A Minor Obsession with Subversive Cross Stitch

A Minor Obsession with Subversive Cross Stitch

WARNING: language — but you probably knew that already, you smart cookie.

Last year I found myself pinning cross stitch and embroidery images.  Wildflowers and birds are a favorite, but it didn’t take long for me to discover subversive cross stitch.  I love them.  Their snark speaks to me!  But I’m not really a cross stitcher so I pinned without a plan (as if that’s something strange to do, hah!).

Then it was summer, my husband was gone on a business trip, and I had an impulse to just do it.  I had floss.  I had Aida.  I had needles.  (This is what happens when fiber arts are your jam!)  I printed out a free pattern and was off to the races.

Domestic Cross Stitch in progress

The beauty of it was hearing friends and family reminisce about stitching they’d done and how they’d like to do it again.  And cheers from my cross stitchers.

I Put the Mess in Domestic Cross Stitch

My tasteful, funny declaration worked out just fine!  Cross stitching went faster than I expected — and I anticipate that one could go even faster with experience.

Behold! The Cross Stitch Pattern to Rule Them All!

But this wasn’t really what I wanted to make.  I wanted to justify buying a pattern that I had been eyeing for months.  It wasn’t expensive, but as a knitter I know how slippery the pattern buying slope is and I wanted to make sure cross stitching wasn’t a hateful way to spend my craft time before I committed cash to a project.

Behold the Field cross stitch detail

This one took longer.  I made more mistakes.  But I stuck with it and eventually finished.

Behold the Field cross stitch

This piece speaks the secrets of my soul.  Now you know.

“Where Are You Going to Hang It?”

Many people who saw me working on it thought it was funny.  Several silently nodded and moved on.  People were really curious about what I was planning to do with it.  Were they worried I would give it to them?  Kudos to my sister-in-law Abby, who offered to own it if I didn’t want to keep it.  But no, this beauty is all for me!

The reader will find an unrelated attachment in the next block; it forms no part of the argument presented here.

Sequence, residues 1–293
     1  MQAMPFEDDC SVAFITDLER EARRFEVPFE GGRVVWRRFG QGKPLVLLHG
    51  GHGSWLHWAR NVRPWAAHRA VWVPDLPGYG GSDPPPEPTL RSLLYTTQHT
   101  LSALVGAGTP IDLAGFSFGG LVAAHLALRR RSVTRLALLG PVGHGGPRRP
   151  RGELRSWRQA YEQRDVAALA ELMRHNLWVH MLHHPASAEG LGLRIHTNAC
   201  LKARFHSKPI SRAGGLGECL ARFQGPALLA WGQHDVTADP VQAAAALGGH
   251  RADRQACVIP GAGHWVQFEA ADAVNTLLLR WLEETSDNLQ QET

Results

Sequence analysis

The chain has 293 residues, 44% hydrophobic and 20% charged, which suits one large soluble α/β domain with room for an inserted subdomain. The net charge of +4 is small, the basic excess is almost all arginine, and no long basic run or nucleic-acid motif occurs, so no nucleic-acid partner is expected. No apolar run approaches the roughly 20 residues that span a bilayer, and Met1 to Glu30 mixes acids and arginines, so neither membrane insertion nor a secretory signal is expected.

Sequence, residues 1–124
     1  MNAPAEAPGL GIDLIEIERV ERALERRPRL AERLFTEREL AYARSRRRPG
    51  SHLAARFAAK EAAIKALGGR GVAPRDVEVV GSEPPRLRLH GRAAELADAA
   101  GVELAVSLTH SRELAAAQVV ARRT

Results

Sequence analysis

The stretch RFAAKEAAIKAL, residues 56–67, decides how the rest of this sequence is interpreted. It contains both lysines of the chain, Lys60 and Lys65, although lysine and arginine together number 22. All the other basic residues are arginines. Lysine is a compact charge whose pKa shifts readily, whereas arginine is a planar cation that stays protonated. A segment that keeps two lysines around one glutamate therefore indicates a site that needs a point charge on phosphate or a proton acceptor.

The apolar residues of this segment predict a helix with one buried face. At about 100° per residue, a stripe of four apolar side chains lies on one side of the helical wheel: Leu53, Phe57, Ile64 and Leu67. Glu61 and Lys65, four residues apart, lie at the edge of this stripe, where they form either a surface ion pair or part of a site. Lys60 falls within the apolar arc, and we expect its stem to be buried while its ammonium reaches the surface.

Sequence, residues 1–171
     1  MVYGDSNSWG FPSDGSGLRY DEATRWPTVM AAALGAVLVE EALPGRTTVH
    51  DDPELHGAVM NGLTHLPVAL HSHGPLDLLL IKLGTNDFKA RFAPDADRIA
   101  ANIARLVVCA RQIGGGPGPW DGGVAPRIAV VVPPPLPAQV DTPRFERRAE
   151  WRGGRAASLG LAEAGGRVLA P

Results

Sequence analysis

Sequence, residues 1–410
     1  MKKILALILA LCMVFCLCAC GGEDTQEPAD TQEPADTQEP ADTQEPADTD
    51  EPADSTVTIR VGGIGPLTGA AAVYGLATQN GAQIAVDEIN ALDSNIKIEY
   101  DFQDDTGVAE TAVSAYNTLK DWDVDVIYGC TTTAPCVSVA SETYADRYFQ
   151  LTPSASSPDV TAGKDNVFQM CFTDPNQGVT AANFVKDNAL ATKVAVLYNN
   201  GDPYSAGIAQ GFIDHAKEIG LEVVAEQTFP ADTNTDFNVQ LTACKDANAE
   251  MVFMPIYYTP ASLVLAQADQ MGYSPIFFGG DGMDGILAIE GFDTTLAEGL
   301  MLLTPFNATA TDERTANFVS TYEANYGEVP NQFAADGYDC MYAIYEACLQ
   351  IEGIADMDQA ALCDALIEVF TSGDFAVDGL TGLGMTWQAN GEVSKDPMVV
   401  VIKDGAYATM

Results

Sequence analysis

Things I Learned Whilst Subversively Stitching

I learned that I don’t want to do larger pieces.

I learned that I love doing letters!

I learned that filling in shapes was boring.

I learned that I am not going to wake up one day and exchange all my yarn for floss.  But I might indulge in a little X-X once or twice a year.

Have you done any subversive stitching?  Got your eye on any patterns?

A Minor Obsession with Subversive Cross Stitch

They put me in charge

Close up of handspun BFL yarn

Close up of handspun BFL yarnHandspinners of the world, I have good news!

Spinzilla sign-ups start today and I am a team captain.  For $10 you can join Team Happy Fuzzy Yarn Spinners and have a jolly good time with yours truly.

For the record, you can also spend $10 to join another team or, ye gads, go alone.  I will still talk to you, but our relationship may never be the same.

You don’t have to be a “good” spinner.  Wheel or charka or drop spindle or tahkli are all welcome.  This is a judgement-free zone and, in fact, this is a great time to learn from others — whether you are just getting started or (like me) trying to kick it up a notch.

Although this is technically a friendly competition to get the most yardage, we are in it for the laughs and the excuse to spend an inordinate amount of time making yarn for one week.  (Hellllo, stash busting!)


I think there should be team prizes, don’t you?

Everyone Loves Fingerless Mitts

Photo of handknit fingerless mitts
There’s been a craze ‘round these parts.  Young and old alike, male and female, everyone’s gotta have a pair of fingerless mitts.
It started with the Pageturner Mitts, which was barely a pattern, but gave me a jumping off point. I had a lone and lovely skein of Noro Silk Garden, aching to be knit. I enjoy wearing my fingerless mitts in my chilly basement office:
Photo of Noro fingerless mitts
Then I made a pair in teal blue as a gift:
Photo of handknit teal fingerless mitts
My daughter, fashionista that she is, immediately demanded a pair.  In pumpkin orange:
Photo of orange fingerless mitts
My mom wanted cranberry red (modeled by Matt):
Photo of red fingerless mitts